In "Sander County" Illinois, concerns about litigiousness in the local population tended to focus on personal injury suits, although such cases were very rarely brought. This article explores the roots of these concerns in the ideology of the rural community and in the reactions of many residents to social, cultural, and economic changes that created a pervasive sense of social disintegration and loss. Personal injury claims are contrasted with contract actions, which were far more numerous yet were generally viewed with approval and did not give rise to perceptions of litigiousness or greed. The distinction is explained in terms of changing conceptions of the community itself and in terms of the problematic relationships between "insiders" and "outsiders" in Sander County.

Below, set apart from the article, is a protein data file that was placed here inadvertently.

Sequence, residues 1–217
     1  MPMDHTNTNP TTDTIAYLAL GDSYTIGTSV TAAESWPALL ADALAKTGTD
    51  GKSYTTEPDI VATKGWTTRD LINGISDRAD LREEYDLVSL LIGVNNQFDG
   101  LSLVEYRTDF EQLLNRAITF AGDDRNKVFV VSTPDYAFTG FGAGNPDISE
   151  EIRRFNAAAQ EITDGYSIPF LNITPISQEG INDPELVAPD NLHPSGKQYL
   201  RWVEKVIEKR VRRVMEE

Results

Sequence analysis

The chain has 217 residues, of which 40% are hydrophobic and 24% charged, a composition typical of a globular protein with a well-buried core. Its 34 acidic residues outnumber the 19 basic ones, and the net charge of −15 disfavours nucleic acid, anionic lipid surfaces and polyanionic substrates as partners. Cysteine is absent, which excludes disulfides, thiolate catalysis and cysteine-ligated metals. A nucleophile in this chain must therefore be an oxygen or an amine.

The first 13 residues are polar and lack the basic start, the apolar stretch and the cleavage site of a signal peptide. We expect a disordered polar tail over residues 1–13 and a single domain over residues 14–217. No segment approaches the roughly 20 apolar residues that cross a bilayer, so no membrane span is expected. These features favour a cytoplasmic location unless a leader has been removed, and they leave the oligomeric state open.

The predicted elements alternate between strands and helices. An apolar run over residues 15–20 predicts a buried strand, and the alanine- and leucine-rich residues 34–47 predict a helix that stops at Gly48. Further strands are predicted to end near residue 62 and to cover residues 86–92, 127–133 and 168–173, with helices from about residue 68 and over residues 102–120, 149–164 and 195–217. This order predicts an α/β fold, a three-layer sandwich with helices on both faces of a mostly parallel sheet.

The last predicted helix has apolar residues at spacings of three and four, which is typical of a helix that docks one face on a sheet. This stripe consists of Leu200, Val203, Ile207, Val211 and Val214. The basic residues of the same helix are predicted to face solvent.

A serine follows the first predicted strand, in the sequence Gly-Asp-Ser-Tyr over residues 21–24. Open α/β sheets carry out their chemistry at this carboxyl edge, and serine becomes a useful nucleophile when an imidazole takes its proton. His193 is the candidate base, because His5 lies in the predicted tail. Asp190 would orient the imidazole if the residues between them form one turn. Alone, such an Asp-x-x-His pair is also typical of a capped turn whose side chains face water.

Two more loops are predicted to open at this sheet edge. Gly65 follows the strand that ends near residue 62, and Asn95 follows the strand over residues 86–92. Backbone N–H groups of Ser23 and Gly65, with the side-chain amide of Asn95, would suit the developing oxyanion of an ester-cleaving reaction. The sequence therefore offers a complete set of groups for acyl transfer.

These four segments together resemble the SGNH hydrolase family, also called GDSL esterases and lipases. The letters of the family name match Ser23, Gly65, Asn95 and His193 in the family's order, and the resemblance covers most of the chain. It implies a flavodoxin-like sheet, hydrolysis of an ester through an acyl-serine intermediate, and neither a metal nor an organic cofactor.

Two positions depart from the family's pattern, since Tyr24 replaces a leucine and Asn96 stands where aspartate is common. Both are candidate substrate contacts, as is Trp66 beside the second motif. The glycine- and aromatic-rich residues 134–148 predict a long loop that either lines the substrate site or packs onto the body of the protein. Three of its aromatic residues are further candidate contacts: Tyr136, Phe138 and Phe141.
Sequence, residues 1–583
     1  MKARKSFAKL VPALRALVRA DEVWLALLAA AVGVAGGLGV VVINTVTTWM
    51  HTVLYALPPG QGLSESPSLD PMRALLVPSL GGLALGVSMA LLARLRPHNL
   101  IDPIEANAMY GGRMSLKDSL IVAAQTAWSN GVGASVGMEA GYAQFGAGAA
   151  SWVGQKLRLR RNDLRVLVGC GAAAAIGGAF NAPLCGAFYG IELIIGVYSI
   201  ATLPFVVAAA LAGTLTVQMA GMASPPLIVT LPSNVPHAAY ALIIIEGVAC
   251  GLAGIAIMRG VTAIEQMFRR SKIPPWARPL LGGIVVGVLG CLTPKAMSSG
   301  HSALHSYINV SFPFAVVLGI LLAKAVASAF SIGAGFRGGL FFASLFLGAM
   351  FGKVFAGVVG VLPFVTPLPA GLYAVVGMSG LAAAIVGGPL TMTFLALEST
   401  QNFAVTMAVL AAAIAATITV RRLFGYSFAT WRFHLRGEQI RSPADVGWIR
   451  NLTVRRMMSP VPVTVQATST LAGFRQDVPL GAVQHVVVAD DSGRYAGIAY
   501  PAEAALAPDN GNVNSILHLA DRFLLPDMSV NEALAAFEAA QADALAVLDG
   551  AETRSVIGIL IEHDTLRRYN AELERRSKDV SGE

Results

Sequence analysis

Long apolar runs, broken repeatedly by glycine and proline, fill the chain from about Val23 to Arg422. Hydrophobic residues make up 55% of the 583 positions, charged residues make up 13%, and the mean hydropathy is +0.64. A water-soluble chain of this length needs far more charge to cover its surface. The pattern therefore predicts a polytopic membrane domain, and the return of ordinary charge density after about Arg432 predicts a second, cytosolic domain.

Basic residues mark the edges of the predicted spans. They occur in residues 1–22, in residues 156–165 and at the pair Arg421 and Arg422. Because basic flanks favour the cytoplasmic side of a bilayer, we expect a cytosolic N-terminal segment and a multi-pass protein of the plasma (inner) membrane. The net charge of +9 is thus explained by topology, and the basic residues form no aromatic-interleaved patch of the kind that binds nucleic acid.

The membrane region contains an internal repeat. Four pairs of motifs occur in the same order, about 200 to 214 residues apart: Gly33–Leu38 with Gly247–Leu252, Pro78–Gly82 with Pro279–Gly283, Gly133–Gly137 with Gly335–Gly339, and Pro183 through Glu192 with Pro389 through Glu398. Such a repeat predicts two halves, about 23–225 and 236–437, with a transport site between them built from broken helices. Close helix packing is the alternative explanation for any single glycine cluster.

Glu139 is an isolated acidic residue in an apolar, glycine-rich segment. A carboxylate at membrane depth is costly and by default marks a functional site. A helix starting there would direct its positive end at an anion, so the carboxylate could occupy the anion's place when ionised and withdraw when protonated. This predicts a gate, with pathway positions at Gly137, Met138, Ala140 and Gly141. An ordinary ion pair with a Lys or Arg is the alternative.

Law & Society Review
© 1984 Law and Society Association
David M. Engel,
The Oven Bird's Song: Insiders, Outsiders, and Personal Injuries in an American Community,
Law & Soc'y Rev.
Available at: https://digitalcommons.law.buffalo.edu/journal_articles/489